Childcare in England would be “completely transformed” if Labor wins the power to offer comprehensive support from the end of parental leave through all the primary school years, Bridget Phillipson said on Thursday.
In an interview with The Standard, the shadow education secretary pledged to “completely reimagine the childcare system” to deliver landmark reforms that benefit millions of families.
Ahead of the Labor Party’s annual rally in Liverpool, where he will present the first stage of the reshuffle, he said: “We need a complete transformation in the way we provide childcare across our country…it’s always been piecemeal, we’ve had different bits added to the system.
“We need to create a modern childcare system that provides comprehensive support from the end of parental leave to the end of primary school and recognizes how modern families live their lives today.
“You look at the big changes we’ve seen under Labor governments in the past, whether it’s after 1945, the creation of the welfare state, you’re up to the moment and you recognize what needs to change, but you also look to the future.”
It highlighted research showing the average annual costs of after-school clubs in London have skyrocketed from £1,850 to just over £3,000 in the last decade.
“The availability of childcare in London is a real issue, as is its cost … and it means that it is often women in particular who are forced out of work as a result,” she added, stressing that modern daycare They had be good for kids, parents, and the economy.
In Liverpool, Labor will present itself as “ready to change Britain” and set out a clear choice, arguing that they are on the side of labor and trying to paint the new Truss government as supporting the rich, even being prepared to lift the cap on bankers’ bonuses.
At the heart of Labor’s discourse will be a commitment to transform public services, with a focus on the NHS, fighting crime, education and childcare.
“With every change that we propose, we are clear about how we will fund it,” said Ms Phillipson, insisting that her party is “seriously serious about our responsibilities and how we manage public finances”.
She highlighted Labour’s plan to scrap tax benefits for private schools, a move she said would free up £1.7bn to pay for more teachers, better mental health support and work experience for children – though this example would only help on a limited basis to finance major reforms.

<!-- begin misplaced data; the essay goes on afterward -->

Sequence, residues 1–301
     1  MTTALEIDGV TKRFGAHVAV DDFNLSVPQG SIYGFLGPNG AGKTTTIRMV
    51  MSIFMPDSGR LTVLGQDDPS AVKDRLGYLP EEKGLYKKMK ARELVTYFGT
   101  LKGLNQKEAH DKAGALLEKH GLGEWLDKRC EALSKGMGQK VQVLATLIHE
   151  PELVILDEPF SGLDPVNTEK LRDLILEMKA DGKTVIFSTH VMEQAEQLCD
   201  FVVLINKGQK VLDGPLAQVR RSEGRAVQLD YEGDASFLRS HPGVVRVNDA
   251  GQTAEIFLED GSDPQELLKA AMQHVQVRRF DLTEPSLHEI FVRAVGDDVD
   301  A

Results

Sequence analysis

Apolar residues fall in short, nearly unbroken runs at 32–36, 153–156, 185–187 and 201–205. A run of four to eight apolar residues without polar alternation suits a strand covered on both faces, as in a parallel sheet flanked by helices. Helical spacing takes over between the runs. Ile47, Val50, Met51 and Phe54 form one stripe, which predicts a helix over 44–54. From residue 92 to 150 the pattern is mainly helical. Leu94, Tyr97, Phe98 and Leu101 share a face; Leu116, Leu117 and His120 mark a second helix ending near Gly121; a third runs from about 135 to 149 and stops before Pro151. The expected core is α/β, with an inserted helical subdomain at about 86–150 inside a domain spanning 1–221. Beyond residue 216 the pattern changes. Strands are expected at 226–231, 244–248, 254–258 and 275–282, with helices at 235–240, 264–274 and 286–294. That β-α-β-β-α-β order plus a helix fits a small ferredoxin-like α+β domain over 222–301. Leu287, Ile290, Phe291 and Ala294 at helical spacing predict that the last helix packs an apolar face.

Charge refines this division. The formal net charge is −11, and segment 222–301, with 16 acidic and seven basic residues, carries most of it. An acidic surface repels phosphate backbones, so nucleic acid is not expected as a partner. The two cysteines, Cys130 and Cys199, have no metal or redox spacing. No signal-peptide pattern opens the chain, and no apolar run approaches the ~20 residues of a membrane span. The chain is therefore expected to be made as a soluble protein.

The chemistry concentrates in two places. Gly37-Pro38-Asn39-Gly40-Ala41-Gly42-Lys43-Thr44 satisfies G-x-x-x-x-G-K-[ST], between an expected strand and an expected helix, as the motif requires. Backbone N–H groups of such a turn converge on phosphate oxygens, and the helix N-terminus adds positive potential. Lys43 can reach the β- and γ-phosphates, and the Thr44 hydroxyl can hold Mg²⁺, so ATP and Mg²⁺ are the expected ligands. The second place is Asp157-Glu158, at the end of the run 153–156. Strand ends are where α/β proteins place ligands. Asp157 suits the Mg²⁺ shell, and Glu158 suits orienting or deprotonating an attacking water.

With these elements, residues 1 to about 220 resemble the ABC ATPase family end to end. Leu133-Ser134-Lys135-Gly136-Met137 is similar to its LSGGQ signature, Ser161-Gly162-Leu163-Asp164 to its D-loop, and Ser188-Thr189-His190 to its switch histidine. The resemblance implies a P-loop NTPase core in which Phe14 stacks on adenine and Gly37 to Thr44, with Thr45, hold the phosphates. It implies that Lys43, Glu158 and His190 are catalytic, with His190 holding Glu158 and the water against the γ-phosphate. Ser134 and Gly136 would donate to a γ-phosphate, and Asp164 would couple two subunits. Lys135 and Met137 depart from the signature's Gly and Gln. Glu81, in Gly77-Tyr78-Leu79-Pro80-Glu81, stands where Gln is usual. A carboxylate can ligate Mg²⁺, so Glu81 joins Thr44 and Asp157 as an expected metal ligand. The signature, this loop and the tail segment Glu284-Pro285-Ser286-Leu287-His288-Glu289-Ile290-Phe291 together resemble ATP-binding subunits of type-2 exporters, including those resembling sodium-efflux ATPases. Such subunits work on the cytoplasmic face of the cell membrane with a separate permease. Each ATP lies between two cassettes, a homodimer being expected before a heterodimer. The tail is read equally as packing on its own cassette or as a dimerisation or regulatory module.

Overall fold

With Chancellor Kwasi Kwarteng set to unleash a wave of tax cuts in a mini-budget on Friday, Ms Phillipson says Labor will champion a fairer tax system, signaling the rich would pay more.
“We need a fairer tax system across the board. So, for example, around the non dom, there also needs to be a much fairer system when it comes to commercial rates and the support that we need to see for our main streets,” he said.
“So reform our tax system. It can’t be right that more and more of this burden falls on workers…we should take a broad look at how we ensure those with broader shoulders contribute to the success of our country.”
Mrs Phillipson describes herself as someone who came to Westminster “as a bit of a restless Northerner”.
His rise to one of the most senior posts in Sir Keir Starmer’s shadow cabinet offers the party a useful response to Tory jibes that its leadership is dominated by a North London cabal.
And, perhaps more significantly, his constituency of Houghton and Sunderland South gives him a good view of the ‘Red Wall’ – the bloc of North and Midlands seats which abandoned Labor in the last 2019 election and which Sir Keir must take back. Yes it’s him. have a chance to form the next Labor government.
“Over the summer, I’ve spent quite a bit of time visiting and knocking on doors, all over the Northeast, including in seats that we’ll have to get back next time,” he said.
“There is a real sense of disappointment with the government, particularly with those who voted Conservative for the first time in 2019. They will often say they voted for change. And not only has nothing changed, but life has become harder.
“They’re going back to Labour,” he insisted, while stressing: “We can’t be complacent about that.”
Sir Keir is determined to use the coming days in Liverpool to show that he has firmly moved his party away from the Corbyn era and into midfield; for the first time the conference will begin with the interpretation of the national anthem.
But with rail workers, teachers and nurses threatening more strikes this fall and winter, the shadow of the strike and a showdown with Labor union supporters looms over the conference.
“There will be disagreements among members,” Ms Phillipson admitted, arguing: “I think we are very united as a party. We are focused on looking outwards.”
She expects the next general election, scheduled for 2024, to be a “tough fight”.
But, giving a note of confidence, he stressed: “It is not a question of the Government losing the elections. It is our choice to win if we make that convincing, positive case for the change we need in our country.
“Labor is under new leadership and we are ready to change Britain.”